Other opponents of a minimum wage argue that most minimum wage workers are young and just starting out in their first job and therefore don’t really need a lot of money. That may have been true years ago, but today nearly 33 percent of minimum wage workers in Minnesota are 25-54 years old, according to the Minnesota Department of Labor and Industry. More women are minimum wage workers than men. Some 20 percent of minimum wage workers are married.
Minnesota House and Senate DFL leaders have been stuck on the issue of automatic increases in the wage. House leaders favor the increases while Senate leaders are opposed. And others are working through exceptions which is appropriate with such a diversified workforce.
Some compromise on these points would be appropriate. One could set an automatic increase for every three or four years to give employers a chance to plan. House leaders may want to consider that taking all control for merit pay out of the hands of employers of minimum wage workers may be more detrimental to employment, and flies in the face of the idea that if you work hard, you can earn your own gains.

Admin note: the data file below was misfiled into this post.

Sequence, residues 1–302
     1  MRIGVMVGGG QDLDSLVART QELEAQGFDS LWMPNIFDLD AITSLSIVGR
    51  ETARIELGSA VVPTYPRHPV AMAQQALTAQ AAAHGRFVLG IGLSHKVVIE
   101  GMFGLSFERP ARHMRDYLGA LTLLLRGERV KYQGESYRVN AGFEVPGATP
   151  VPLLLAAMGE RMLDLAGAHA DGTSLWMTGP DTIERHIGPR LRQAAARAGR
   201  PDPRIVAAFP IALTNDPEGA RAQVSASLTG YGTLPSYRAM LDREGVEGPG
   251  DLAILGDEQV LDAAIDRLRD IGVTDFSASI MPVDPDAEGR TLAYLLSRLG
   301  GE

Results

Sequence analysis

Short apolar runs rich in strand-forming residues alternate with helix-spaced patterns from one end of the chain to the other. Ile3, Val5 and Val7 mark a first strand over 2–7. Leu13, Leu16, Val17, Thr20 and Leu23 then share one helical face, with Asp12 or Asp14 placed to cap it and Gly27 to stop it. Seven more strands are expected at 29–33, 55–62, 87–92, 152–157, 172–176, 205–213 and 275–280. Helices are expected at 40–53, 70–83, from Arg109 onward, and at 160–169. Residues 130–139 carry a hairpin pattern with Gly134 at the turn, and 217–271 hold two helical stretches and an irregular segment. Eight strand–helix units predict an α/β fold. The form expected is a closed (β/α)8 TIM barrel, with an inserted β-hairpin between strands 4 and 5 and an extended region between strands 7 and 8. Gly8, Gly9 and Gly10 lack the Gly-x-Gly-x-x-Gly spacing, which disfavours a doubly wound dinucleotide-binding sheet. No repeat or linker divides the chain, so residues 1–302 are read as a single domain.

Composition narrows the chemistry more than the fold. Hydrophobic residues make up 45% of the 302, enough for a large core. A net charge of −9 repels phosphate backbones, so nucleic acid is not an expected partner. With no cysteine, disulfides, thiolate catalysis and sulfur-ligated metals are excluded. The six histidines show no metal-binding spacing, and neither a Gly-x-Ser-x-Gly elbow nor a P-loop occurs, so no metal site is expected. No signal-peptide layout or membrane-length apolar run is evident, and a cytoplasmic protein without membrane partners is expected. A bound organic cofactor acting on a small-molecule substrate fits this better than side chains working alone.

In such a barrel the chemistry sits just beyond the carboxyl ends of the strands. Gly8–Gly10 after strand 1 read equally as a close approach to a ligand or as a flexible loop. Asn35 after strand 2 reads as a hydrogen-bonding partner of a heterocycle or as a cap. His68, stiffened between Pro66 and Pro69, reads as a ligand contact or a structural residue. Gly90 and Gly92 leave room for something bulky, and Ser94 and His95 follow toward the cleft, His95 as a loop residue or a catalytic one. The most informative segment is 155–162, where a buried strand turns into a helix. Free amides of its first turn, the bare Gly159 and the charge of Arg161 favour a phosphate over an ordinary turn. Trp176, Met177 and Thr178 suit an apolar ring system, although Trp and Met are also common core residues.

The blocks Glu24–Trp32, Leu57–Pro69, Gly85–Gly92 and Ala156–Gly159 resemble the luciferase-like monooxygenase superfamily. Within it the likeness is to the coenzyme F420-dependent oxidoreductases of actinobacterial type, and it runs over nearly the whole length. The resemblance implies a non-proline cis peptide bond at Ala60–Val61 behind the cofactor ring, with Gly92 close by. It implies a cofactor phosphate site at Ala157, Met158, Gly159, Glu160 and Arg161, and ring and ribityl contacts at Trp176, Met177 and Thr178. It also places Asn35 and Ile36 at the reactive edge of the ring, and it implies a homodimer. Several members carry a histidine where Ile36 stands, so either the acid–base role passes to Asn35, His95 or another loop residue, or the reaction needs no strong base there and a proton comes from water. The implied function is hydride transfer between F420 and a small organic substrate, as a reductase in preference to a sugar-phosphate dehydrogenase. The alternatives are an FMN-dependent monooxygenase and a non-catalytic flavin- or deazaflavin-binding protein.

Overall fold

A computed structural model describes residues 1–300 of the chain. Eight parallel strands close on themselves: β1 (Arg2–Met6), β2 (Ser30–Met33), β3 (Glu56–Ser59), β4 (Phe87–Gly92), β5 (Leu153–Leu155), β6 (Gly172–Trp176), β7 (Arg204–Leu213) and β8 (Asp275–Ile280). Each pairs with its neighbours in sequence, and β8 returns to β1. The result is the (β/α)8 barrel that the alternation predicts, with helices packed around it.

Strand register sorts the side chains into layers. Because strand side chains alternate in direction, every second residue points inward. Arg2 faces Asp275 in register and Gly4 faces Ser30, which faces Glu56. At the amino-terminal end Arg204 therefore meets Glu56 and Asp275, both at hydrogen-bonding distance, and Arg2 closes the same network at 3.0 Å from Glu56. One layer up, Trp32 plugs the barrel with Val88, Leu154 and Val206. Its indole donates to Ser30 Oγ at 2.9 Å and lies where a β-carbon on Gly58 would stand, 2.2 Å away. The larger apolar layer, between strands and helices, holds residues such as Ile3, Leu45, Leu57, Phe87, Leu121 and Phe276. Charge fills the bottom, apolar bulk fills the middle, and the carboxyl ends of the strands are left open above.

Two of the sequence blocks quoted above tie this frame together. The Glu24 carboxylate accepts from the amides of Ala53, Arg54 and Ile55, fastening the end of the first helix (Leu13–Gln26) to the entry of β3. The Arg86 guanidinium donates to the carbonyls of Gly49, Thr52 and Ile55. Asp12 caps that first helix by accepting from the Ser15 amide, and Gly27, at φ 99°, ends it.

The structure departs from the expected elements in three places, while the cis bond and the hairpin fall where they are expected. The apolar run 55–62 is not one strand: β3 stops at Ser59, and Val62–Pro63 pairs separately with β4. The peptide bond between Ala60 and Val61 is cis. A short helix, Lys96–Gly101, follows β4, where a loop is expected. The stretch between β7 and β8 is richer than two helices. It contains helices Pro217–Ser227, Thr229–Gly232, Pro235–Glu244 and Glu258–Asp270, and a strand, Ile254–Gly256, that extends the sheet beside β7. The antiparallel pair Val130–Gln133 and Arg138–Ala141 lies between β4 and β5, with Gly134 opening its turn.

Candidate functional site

Ultimately, raising the minimum wage to a reasonable level is not only the right thing to do, but good business that will make our state competitive in showing we value those who enter our workforce and are willing to work hard to get ahead.